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Monaco Grand Prix preview - who to back for Monte Carlo glory? 20 May 2009

Mark Webber (AUS) Red Bull Racing on the drivers parade. Formula One World Championship, Rd 5, Spanish Grand Prix, Race Day, Barcelona, Spain, Sunday 10 May 2009. Jenson Button (GBR) Brawn Grand Prix.
Formula One World Championship, Rd 5, Spanish Grand Prix, Practice Day, Barcelona, Spain, Friday, 8 May 2009 Lewis Hamilton (GBR) McLaren MP4/24 makes a pit stop.
Formula One World Championship, Rd 5, Spanish Grand Prix, Race, Barcelona, Spain, Sunday, 10 May 2009 Felipe Massa (BRA) Ferrari.
Formula One World Championship, Rd 5, Spanish Grand Prix, Qualifying Day, Barcelona, Spain, Saturday, 9 May 2009 Nico Rosberg (GER) Williams FW30 at the start.
Formula One World Championship, Rd 6, Monaco Grand Prix, Race, Monte-Carlo, Monaco, Sunday, 25 May 2008

Will Brawn GP’s Jenson Button make up for his near miss in Monaco back in 2004, when he finished less than a second behind Jarno Trulli? Will the Italian finally score Toyota’s first victory? Can Ferrari break through for much-needed success, or will Lewis Hamilton work his magic for McLaren?

What of Red Bull, with Chinese Grand Prix victor Sebastian Vettel, and Mark Webber, who would love to take his turn at the top? Or Timo Glock, or Nico Rosberg in the Williams? Past winner Fernando Alonso in the Renault? Robert Kubica, one of the stars of the 2008 race for BMW Sauber? Monaco is a place where unusual results are not uncommon, and this might be the most open race there in years.

Where Spain was all about the introduction of new aerodynamic packages to maximise downforce while minimising drag, the latter is less important here so everybody will be loading their cars with as much downforce as they can muster.

Button starts the favourite, with his four wins from the previous five races, and has pledged to remain aggressive in his quest for wins and maximum championship points. And team mate Rubens Barrichello is desperate to wipe out his disappointment in Barcelona.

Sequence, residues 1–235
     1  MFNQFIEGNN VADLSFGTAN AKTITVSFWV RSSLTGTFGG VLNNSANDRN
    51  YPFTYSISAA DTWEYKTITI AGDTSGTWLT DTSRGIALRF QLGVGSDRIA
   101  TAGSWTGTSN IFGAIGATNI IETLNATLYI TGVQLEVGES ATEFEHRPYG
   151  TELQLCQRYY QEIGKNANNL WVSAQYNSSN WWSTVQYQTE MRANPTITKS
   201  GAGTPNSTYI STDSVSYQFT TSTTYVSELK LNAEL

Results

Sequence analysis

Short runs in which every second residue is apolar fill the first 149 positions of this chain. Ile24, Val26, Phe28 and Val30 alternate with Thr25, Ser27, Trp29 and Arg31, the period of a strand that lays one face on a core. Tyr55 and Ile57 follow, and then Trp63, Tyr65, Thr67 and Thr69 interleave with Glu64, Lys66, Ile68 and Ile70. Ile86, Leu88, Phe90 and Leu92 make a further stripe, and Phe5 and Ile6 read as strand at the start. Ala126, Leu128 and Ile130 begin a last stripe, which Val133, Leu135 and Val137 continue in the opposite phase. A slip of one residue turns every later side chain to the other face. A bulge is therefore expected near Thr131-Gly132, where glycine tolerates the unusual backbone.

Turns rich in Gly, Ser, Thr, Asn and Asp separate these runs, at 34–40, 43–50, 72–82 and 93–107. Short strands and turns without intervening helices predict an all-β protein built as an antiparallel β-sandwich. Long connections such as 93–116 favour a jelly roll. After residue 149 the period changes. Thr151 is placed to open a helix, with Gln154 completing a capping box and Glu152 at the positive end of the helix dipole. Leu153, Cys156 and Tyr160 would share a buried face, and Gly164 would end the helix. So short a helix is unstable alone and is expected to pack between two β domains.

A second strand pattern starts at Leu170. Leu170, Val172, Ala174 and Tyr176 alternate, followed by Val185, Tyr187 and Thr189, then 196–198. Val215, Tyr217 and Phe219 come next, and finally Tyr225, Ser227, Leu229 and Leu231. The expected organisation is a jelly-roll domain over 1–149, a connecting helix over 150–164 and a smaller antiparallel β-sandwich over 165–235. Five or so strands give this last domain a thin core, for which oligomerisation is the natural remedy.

"Monaco is a unique and unpredictable venue and you have to take a very controlled approach to the race weekend,” says their team principal Ross Brawn. “The pit lane and paddock is an intense environment to work in due to the location at the heart of the city and it is therefore more stressful than any other race on the calendar. You can make just one mistake in Monaco and your race weekend will be compromised. However, we love that level of extra challenge and it is what makes Formula One and Monaco so special.

"Our car works very well with low-speed corners and we have a fantastic engine from Mercedes-Benz which has a lot of power and excellent drivability which is important around the twisty street circuit. The BGP001 car is very good mechanically, which you need to take advantage of the slow speed nature of the track. Monaco is a real drivers' circuit where their performance can make all the difference.

“Jenson and Rubens are both precise and consistent drivers and we will give them as much practice time out on track as possible to get into the rhythm of the lap. Your aim in Monaco is always to secure pole or as close to the front row as possible in qualifying and take it from there. Neither Jenson or Rubens has won the Monaco Grand Prix, although both have stood on the podium, so I'm sure they will be determined to make the most of the weekend."